La toma de posesión de Ferdinand Marcos Jr, (también conocido como «Bongbong»), como presidente de Filipinas, el pasado 30 de junio, ha pasado en España casi desapercibida. Como ocurrió con el discurso sobre el estado de la nación que pronunció en la festividad de Santiago, en el que insistió en su mantra de unidad de la nación. Duele pensar que España se ha olvidado de los 333 años de historia común, desde la llegada de Miguel López de Legazpi, fundador de Manila en 1565 hasta 1898.
1. Filipinas es hoy un país de más de 110 millones de habitantes, con una renta per cápita en torno a los 3.000 dólares (puesto 125 de 196 países), y 138 sobre 180 en libertad de prensa mundial.… Seguir leyendo »
When Ferdinand Marcos Jr. was sworn in as president of the Philippines on June 30, he took his oath in front of the former legislative building where his father entered politics and swore on the same Bible used by the elder Mr. Marcos at his 1965 inauguration.
For victims of Mr. Marcos’s tyrannical reign, it was an insulting homage to the dead dictator. But it came as no surprise.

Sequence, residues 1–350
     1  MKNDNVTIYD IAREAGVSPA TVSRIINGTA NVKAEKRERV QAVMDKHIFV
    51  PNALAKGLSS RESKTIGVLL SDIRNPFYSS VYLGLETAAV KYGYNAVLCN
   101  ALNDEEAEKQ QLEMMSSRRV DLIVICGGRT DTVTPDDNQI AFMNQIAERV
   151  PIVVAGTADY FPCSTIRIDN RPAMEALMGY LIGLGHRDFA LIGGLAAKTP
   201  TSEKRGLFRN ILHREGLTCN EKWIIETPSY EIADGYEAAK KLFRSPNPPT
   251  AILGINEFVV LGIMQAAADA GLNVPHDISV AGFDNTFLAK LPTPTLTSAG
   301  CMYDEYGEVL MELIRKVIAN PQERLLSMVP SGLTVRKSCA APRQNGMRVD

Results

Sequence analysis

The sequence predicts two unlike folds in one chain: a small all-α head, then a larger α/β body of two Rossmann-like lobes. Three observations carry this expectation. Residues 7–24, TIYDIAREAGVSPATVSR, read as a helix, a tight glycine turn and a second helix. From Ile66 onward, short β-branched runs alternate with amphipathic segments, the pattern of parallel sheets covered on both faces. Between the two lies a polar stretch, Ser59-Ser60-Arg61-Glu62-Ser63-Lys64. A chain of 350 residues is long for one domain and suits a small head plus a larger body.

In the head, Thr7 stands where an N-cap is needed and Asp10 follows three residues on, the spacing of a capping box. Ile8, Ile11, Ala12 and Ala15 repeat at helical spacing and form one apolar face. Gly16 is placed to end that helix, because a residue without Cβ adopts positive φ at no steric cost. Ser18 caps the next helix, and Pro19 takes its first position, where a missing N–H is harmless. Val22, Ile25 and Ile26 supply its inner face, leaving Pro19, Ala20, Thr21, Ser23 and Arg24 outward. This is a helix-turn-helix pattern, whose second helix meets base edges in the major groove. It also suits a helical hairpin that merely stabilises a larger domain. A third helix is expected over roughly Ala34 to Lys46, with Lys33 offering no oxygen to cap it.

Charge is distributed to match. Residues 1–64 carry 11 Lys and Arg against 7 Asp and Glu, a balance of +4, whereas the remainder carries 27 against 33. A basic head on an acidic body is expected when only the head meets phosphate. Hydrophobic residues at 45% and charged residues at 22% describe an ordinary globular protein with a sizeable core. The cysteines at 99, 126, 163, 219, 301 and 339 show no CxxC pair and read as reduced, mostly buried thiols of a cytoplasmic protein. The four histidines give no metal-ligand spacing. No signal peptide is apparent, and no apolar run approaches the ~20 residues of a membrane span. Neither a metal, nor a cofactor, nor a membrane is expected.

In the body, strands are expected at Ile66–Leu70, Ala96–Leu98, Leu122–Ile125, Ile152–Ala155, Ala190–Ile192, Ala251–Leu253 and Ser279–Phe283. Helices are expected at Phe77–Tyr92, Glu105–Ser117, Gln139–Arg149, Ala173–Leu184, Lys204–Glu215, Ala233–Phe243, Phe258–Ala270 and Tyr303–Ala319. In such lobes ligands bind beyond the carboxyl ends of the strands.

The younger Mr. Marcos rode to a landslide election win with a campaign that leaned heavily on the fiction of a triumphant golden age under his father. It was promoted by a well-oiled disinformation machine that brazenly ignored the thousands of people jailed, tortured or killed by the regime and the estimated $5 billion to $10 billion siphoned off by the Marcos family.… Seguir leyendo »
La literatura filipina en español es una de las tradiciones asiáticas más importantes en una lengua europea. Sin embargo, no es muy conocida. Por un lado, los hispanistas tienden a especializarse en España o Latinoamérica. Por otro lado, pocos filipinos dominan el español. Historias generales como La literatura filipina en castellano (1974) de Luis Mariñas son útiles como presentaciones panorámicas, pero no como estudios en profundidad. Además, las introducciones a la literatura hispanofilipina o bien no mencionan el Siglo de Oro o bien lo hacen de pasada. En otras palabras, los textos sobre Filipinas producidos en los siglos XVI-XVII suelen quedar en el limbo.… Seguir leyendo »